A rising ‘Anti-Racist’ menace and other commentary

Medical beat: A Rising ‘Anti-Racist’ Menace

In a visitor column at Bari Weiss’ Common Sense web site, Katie Herzog highlights “the rapid spread of a deeply illiberal ideology in the country’s most important medical institutions.” Call it “wokeness, social justice, critical race theory, anti-racism,” however some medical doctors “insist that it is threatening the foundations” of affected person care, analysis and “medicine itself.” Warns one MD, “Whole research areas are off-limits,” and some work revealed in high journals is “shoddy as hell.” Purge victims embody a heart specialist demoted by his college for a paper “analyzing and criticizing diversity initiatives in cardiology” (which the Journal of the American Heart Association then retracted with out actual rationalization) and two editors pressured out by the Journal of the American Medical Association over a podcast that questioned “the idea that medicine is systemically racist.”

Pandemic journal: May China Pay for COVID

The world’s preoccupation with flattening the curve and President Donald Trump’s “racist” rhetoric “chilled any drive for accountability in China’s role in originating and not effectively suppressing” COVID, argues Jeremy Hurewitz at USA Today. Meanwhile, China used its “rising global clout” to regulate the World Health Organization’s investigation of the outbreak. It additionally arrested “doctors who spoke out” and blocked scientists’ entry to key individuals and websites. Now “we must demand that China fully and transparently account” for COVID’s origins, so the pandemic turns into “a weight around China’s neck,” because it tries to “assert itself as a global behemoth” — reminding the world that “a US system that extols democracy and transparency” is “superior to the authoritarian Chinese model of cover-ups and repression.”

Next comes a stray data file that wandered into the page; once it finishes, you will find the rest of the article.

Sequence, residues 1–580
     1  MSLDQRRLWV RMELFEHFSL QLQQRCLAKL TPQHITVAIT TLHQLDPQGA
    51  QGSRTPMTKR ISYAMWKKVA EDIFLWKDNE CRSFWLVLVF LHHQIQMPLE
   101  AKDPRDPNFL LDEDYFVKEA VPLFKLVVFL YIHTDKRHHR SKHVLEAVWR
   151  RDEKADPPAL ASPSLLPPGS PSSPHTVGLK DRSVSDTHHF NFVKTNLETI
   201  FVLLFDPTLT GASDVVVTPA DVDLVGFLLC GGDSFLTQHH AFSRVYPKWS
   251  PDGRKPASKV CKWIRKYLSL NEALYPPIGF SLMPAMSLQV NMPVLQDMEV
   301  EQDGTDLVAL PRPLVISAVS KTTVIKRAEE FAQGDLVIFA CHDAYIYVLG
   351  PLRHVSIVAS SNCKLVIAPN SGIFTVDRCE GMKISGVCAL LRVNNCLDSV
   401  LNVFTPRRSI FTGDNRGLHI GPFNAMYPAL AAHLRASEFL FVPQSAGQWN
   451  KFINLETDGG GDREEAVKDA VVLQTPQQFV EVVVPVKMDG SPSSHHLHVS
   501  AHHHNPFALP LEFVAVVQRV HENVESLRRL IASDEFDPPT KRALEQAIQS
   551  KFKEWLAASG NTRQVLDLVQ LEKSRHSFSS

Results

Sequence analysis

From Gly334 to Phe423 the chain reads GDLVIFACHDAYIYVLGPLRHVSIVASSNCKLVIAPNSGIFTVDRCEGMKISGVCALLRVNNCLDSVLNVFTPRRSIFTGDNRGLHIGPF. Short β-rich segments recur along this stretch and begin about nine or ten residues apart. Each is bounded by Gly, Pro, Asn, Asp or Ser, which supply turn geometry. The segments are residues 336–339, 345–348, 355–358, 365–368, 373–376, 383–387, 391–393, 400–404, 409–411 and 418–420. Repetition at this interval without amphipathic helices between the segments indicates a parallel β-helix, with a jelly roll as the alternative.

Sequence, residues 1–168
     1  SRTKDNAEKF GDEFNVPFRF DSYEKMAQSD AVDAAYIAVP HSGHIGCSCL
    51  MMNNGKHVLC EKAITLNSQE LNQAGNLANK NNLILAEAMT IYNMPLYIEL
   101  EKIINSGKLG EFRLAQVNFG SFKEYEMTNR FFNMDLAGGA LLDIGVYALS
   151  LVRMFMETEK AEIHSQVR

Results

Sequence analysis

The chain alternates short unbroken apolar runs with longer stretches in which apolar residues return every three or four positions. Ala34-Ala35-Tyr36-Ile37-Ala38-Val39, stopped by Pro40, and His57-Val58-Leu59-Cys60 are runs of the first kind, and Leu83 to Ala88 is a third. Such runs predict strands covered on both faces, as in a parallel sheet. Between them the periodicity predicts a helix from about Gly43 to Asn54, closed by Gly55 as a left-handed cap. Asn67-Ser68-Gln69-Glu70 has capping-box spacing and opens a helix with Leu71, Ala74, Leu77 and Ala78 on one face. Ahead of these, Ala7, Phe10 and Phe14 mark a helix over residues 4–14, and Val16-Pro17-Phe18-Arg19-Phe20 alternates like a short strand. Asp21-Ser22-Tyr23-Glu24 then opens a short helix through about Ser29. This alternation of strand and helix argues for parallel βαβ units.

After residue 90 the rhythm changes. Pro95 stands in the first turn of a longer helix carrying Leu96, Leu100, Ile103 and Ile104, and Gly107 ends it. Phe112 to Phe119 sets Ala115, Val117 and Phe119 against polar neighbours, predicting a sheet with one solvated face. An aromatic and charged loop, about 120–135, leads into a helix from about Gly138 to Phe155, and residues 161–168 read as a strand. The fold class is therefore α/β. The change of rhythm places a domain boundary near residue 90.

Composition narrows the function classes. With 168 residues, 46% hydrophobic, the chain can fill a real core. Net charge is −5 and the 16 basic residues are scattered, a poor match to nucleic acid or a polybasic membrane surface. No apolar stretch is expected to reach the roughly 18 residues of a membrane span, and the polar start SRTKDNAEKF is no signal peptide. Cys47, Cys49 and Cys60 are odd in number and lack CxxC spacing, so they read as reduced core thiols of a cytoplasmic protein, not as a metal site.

Schools watch: Charter Support Is Growing

“After years in the wilderness” and “waning influence in Albany, charter schools are gaining a foothold in the city again — if the race for mayor is any barometer,” reports Politico’s Madina Touré. “The three leading candidates in the Democratic primary” — Eric Adams, Andrew Yang and Kathryn Garcia — are all “decidedly supportive of charter schools,” a dramatic shift from “when Mayor Bill de Blasio was elected eight years ago and another sign of the citywide electorate hewing closer to the center.” The head of the Achievement First constitution community chalks up the shift to extra political activism and polling that reveals Democratic voters backing faculty selection for his or her youngsters. “Times,” notes constitution champ Jenny Sedlis, “have changed.”

Foreign desk: Biden’s Risky Date With Putin

The upcoming summit between President Biden and Russian President Vladimir Putin “is riskier for Biden than Putin,” warns Kurt Volker at Europe’s Edge, as a result of “any outcome that seems reassuring and benign on the surface actually works in Putin’s favor.” Putin leaving the confab with out going through “consequences for his behavior” would “send a signal globally that ­authoritarians can get away with aggressive acts at home and abroad.” So “the best possible outcome is not one of modest agreements” however “a lack of agreements altogether. Success is confrontation.” Ideally, Team Biden would “announce tough, new sanctions against Russia and its enablers in Western Europe in advance,” which “could be lifted at a moment’s notice if Russian behavior actually changes.” Putin should see Biden “is negotiating from a position of strength” — which he actually isn’t now.

Economics skilled: Intellectual Property Matters

Waiving intellectual-property rights for COVID vaccines and remedies, as some international locations and even “our own government” demand, would “undermine” the very “economic model of innovation” that led to the speedy growth by US and British companies of vaccines with “historically unprecedented effectiveness,” fears Thomas Duesterberg at The Hill. It may additionally “unravel” the worldwide IP-rights regime, which “incentivizes and rewards” analysis and long-term capital funding, and then spill over to other high-tech sectors. Yet “there are better ways to achieve the goal of eradicating COVID-19,” and if “Congress truly cares about protecting American innovation, it ought to assert its constitutional authority over international trade to block this danger to domestic high-technology industries.”

— Compiled by The Post Editorial Board

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